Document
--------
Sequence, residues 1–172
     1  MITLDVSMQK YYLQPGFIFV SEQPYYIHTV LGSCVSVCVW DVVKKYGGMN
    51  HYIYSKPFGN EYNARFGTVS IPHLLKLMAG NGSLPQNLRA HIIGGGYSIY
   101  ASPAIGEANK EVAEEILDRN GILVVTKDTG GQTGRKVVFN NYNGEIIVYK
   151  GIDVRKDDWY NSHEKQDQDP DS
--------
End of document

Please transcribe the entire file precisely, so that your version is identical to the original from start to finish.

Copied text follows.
Sequence, residues 1–172
     1  MITLDVSMQK YYLQPGFIFV SEQPYYIHTV LGSCVSVCVW DVVKKYGGMN
    51  HYIYSKPFGN EYNARFGTVS IPHLLKLMAG NGSLPQNLRA HIIGGGYSIY
   101  ASPAIGEANK EVAEEILDRN GILVVTKDTG GQTGRKVVFN NYNGEIIVYK
   151  GIDVRKDDWY NSHEKQDQDP DS